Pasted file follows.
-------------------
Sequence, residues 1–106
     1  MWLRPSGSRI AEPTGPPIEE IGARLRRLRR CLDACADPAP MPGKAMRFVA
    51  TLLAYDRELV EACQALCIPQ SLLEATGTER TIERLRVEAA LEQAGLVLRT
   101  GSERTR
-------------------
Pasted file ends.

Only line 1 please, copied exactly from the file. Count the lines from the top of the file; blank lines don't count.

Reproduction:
Sequence, residues 1–106